I am writing from Melbourne Australia and recently I have embarked on a journey of renewed health and well being and I have found most interesting the topic and research into intermittent fasting (reading your journal and many other reseach) I purchased a copy of your book book “Protein Power” and you mention in this book that you shouldn’t allow yourself to get to the hungry stage – to eat several times during the day. This is where I get most confused. Do you think it’s better to eat three meals per day – fast alternative days – or eat regularly during the day? Please advise, i’m most interested in your current thoughts on this subject.
When we wrote Protein Power there wasn’t any data or literature out there on intermittent fasting, so we didn’t include anything about it in that book. Since then we’ve looked at it pretty closely and like what we see. It’s probably not for everyone, but for those who get in the swing of it, it works great.
It’s almost the opposite of going on a diet. Dieting is easy in the contemplation, but difficult in the execution. Intermittent fasting is difficult in the contemplation, but easy in the execution. In other words, when you contemplate starting a diet, you think of all the good foods you can have and the whole proposition seems like it will be easy, but when you actually start and are on the diet for a couple of weeks, it becomes a real pain and a drag. When you first consider intermittent fasting you think My God I can’t do this. Go without food for an entire day? Are you crazy? But then when you get going on it, you find it the easiest thing in the world.
There is another post a few days after this one on Protein Power and intermittent fasting that you might want to read.
I have read your book “Protein Power” and also read your article on Inflammation and intermittent fasting. I am interested in your recent thoughts about the amount of food one should eat per day. I see the benefits in Protein Power and also intermittent eating. Do you suggest fasting alternative days is the answer? Do you still believe never allowing yoursefl to go hungry is healthy as in your book? I am most interested to know.
I think I already answered this in the comment on the other post.
Thank you for your prompt response. I will keep an eye out for your next post. What I am thinking of doing is mixing up my eating regime – Fasting on days followed by days of eating high protein, low carbohydrate foods. I am 27 years old and have higher levels of cholesterol but I am slim build, my dad has high cholesterol and is on tablets and my mother has high pressure and sometimes has hypertension and I used to think this was due to her concoction of tablets she is taking – Hormone replacement therapy, high blood pressure tablets, diuretics, & heart reducing tablets – actually it’s her elevated INSULIN levels or hyperinsulinemia… It’s making sense now. Her diet consists mainly of carbs – rice, hot chips & junk food…. It was very insightful to read how hyperinsulinemia is the contributing factor of these diseases and that through eating the right diet we can transform our lives and save thousands on medication. You are very insightful and I will keep you posted on my progress.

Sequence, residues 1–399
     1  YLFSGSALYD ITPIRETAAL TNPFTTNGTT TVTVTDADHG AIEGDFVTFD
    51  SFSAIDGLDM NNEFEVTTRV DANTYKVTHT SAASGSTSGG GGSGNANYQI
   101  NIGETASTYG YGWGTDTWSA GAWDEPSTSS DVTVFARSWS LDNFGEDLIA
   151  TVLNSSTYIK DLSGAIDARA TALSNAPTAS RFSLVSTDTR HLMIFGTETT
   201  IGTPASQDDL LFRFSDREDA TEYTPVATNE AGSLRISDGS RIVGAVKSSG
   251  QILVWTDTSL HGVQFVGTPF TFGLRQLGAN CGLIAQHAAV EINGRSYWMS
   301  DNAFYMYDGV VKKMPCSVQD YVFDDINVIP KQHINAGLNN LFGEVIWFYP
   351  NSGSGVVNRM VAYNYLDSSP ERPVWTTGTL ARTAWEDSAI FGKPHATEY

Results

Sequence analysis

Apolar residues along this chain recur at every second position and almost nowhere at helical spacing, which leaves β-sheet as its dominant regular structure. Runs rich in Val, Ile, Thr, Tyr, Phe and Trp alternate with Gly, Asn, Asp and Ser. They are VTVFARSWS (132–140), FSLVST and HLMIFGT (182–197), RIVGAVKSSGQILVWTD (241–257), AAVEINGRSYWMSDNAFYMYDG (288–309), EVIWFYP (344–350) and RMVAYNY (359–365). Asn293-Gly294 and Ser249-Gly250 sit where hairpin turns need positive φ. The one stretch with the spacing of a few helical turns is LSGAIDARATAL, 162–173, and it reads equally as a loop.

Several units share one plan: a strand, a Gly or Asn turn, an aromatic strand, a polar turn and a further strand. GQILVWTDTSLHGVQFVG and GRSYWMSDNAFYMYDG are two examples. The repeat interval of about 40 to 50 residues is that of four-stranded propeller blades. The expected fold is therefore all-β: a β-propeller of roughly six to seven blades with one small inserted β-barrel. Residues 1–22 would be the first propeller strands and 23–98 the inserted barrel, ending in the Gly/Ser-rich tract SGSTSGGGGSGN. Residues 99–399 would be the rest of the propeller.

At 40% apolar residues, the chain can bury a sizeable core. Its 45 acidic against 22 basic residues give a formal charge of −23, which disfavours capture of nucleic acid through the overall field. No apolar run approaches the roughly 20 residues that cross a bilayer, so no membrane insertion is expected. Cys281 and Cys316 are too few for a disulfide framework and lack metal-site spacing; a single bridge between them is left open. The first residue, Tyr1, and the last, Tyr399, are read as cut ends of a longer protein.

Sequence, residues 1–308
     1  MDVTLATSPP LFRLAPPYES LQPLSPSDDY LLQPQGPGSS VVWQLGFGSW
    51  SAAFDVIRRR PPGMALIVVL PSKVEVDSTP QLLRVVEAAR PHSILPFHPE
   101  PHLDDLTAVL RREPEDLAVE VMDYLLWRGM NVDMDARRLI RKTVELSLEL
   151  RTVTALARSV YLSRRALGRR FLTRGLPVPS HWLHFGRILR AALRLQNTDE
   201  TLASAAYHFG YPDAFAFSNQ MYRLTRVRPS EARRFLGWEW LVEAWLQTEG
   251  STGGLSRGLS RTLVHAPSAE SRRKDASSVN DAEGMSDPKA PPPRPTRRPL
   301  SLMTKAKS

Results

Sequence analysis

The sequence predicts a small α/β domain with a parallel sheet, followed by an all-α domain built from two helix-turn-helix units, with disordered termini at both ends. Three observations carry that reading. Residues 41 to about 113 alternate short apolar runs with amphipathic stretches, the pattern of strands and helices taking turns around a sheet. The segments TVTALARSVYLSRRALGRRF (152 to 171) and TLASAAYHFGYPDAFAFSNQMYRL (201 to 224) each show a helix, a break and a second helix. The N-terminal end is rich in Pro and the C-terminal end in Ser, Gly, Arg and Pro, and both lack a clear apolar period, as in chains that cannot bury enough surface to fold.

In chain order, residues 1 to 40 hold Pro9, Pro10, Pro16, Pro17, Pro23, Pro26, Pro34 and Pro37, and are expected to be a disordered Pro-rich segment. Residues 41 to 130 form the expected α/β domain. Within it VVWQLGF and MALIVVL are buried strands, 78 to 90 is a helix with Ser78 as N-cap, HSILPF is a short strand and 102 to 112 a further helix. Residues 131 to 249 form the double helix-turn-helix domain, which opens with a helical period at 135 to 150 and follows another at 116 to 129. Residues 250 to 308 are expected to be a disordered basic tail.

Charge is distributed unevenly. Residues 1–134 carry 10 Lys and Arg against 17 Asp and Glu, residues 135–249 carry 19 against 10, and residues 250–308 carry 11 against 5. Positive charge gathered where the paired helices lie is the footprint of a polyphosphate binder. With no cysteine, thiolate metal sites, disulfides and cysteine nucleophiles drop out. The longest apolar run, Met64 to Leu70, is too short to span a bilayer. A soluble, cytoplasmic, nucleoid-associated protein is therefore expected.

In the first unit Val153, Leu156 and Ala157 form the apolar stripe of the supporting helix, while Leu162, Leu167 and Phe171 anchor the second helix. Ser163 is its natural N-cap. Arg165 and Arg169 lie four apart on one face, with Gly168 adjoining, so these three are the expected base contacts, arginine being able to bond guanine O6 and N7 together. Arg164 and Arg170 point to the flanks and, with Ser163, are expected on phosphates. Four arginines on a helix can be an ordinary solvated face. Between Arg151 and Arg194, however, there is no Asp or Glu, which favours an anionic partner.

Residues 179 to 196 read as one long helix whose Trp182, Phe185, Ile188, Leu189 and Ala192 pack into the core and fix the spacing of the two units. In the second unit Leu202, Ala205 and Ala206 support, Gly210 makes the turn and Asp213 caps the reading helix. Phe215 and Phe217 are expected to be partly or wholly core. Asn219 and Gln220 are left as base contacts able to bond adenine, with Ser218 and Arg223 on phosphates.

Here’s one that will get your dander up
I just saw a spot on CNN about how “many doctors in the medical community” are beginning to recommend cholesterol screening of kids as young as 15 MONTHS.
What’s next, Enfamil with Lipitor for babies anyone?
You can bet some asshat from CSPI is going to be pushing a special (counter productive) “low in saturated fat” diet for nursing mothers and toddlers soon.
No one wants to speak about the elephant in the room. No one wants to tell people to keep their kids from eating soy/trans fat/high fructose corn syrup/excesses of sugar etc. but they are happy as clams to drug them up and impairing development as much as possible. (Hell, they can always give them ritalin later, right?) No one wants to tell the nursing moms that breast is only best inasmuchas the mother who is feeding her baby is also feeding herself well.
The world we live in…oy.
Nice rant…and right on the money. Worrying about the cholesterol levels of little kids and even infants is the height of absurdity.
Hi – just came across this post/blog tonight, as I just finished reading Dr. Cordain’s book “the paleo diet for athletes” and was struck by his very strongly worded statements warning of the evils of “saturated fat”. Funny, I read both of your “Protein Power” books when I first started following a low carb diet (2.5 years ago), and I don’t recall you warning anyone to eat low carb but avoid the dreaded saturated “killer” fats?! I do recall you giving lots of helpful advice about omega 6/omega 3 balance that I attempt to follow till this very day though. I read his book because I am now up to 30 miles/week of running (I would add that I had never been able to run more than about 35 minutes pre-low-carb without getting unjured) — and I am trying to get info on how/when to include carbs in the diet to recover from the hour/plus running efforts I am now doing weekly. He does have great, specific advice about that in his book, which I sincerely hope is more accurate than the advice to cut the fat off your meat and replace it with canola oil (please pass me the ribeye fat, Dr. Cordain)… Thanks again for all your helpful advice, I cured a very gnarly case of 4+ year intestinal/stomach/GERD problems, LITERALLY OVERNIGHT, simply by following your previous books’ advice, and have never looked back since, very highly appreciated.
Thanks for the kind words about Protein Power.
If you are running an hour plus, I don’t think it will hurt you to consume a few carbs during recovery. I would stick to starchy foods that provide mainly glucose and avoid foods containing sugar or HFCS.
Dr. Eades, I believe I recall you claiming in the past that there is not a single valid double-blind study showing that saturated fat contributes to heart disease or mortality. It has since occurred to me that one way to bring this to the attention of the public would be to offer a reward to anyone who can produce such a study, similar to the Amazing Randi’s reward offer for anyone who can demonstrate supernatural abilities. The reward could start out small and a charitable foundation could be created to increase the size of the reward.
Thanks for being a candle in the dark.
I think such an reward would be great. All we’ve got to do is set it up.